The September 11, 2001 terrorist attacks caused a wave of fear that led to an economic downturn and mass layoffs in the hospitality industry. The wave rippled all the way to Santa Monica as “terror alerts” and talk of future attacks gripped the country. In the wake of the 9/11 attacks, the Santa Monica City Council passed an ordinance giving “qualified laid-off employees” of high-end businesses in the city’s Coastal Zone and Extended Downtown Core the right of “recall” to (i.e., reinstatement in) their former positions of employment. Fourteen years later, the “recall” ordinance remains in effect, raising questions about whether it can still protect the jobs of Santa Monica’s qualified laid-off employees.
I. Who Does the “Recall” Ordinance Cover?
The ordinance applies in only two of the city’s districts: the Coastal Zone and the Extended Downtown Core. The ordinance defines the Coastal Zone’s western boundary as the Pacific Ocean and the eastern boundary as (1) Lincoln Blvd. south of Pico Blvd. to the city’s southern border and (2) Fourth St. north of Pico to the city’s northern border.1 (Le Meridien Delfina, which is on Pico between Fourth and Fifth, is thus outside the Coastal Zone.) The Extended Downtown Core is easier to describe: Ocean Ave. on the west, Wilshire Blvd. on the north, Fifth St. on the east and Colorado Blvd. on the south. In other words, just about any pleasant Santa Monica geographic location other than Montana Ave. is subject to the ordinance.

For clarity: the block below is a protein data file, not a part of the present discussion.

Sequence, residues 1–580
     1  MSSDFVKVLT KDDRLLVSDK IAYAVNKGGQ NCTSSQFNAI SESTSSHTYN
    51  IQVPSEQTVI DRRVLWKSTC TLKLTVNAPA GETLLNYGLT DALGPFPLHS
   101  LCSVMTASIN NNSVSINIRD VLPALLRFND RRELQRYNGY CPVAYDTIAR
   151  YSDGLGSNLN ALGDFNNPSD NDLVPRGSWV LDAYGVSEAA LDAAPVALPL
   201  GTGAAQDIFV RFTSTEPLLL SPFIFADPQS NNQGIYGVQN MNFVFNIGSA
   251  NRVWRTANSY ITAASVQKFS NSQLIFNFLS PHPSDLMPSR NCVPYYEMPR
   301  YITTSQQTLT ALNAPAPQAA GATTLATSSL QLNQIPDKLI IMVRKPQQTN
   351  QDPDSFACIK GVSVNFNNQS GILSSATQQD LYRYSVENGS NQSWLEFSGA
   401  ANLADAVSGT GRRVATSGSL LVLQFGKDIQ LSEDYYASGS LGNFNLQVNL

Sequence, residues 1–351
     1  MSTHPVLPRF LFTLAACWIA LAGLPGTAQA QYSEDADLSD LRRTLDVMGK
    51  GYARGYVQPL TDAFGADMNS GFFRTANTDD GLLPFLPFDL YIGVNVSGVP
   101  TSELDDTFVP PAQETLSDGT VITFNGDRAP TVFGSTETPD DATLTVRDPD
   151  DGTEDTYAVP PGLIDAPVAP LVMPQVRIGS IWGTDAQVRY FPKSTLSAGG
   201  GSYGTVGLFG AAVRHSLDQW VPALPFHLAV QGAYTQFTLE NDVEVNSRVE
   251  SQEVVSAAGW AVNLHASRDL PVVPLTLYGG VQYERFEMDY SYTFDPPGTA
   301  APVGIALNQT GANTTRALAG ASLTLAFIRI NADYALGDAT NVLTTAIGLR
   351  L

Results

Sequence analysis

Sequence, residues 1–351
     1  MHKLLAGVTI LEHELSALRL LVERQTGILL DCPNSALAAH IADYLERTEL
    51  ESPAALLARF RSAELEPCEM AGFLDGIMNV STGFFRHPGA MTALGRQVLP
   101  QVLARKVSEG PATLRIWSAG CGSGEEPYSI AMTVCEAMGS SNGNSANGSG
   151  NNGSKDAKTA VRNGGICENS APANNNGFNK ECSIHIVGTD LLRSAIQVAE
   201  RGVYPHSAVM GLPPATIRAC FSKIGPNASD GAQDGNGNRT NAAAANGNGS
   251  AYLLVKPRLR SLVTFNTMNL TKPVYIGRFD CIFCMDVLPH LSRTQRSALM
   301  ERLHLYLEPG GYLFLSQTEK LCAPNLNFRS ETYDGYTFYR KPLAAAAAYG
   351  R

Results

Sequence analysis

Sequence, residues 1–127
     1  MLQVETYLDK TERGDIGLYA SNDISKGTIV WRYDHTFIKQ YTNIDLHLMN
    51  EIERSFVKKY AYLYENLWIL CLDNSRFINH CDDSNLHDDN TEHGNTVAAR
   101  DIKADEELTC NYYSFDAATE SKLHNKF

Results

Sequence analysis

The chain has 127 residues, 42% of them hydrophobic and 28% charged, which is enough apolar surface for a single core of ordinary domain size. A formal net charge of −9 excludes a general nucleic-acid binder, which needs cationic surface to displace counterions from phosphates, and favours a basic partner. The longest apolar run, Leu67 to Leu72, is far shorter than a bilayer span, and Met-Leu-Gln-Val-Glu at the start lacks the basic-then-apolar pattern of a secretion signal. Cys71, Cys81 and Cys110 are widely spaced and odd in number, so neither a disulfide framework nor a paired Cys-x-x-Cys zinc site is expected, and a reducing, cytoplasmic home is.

The express purpose of the ordinance was to protect “low-income Santa Monica workers” in “visitor-serving industries” after the post-9/11 drop in tourism.2 But the ordinance applies to all “employers” doing business at a location in the Coastal Zone or Extended Downtown Core with “gross receipts over $5,000,000 in the year 2000 for that location.”3 (Evidently, the City Council set the revenue threshold at $5 million to avoid tangling with businesses that were using cash accounting to understate income.) Thus, the ordinance not only covers swanky hotels, but possibly the Barnes & Noble, as the store is an “employer” doing business in the Extended Downtown Core (Third and Wilshire) and grossed $5 million per year at that location in 2000.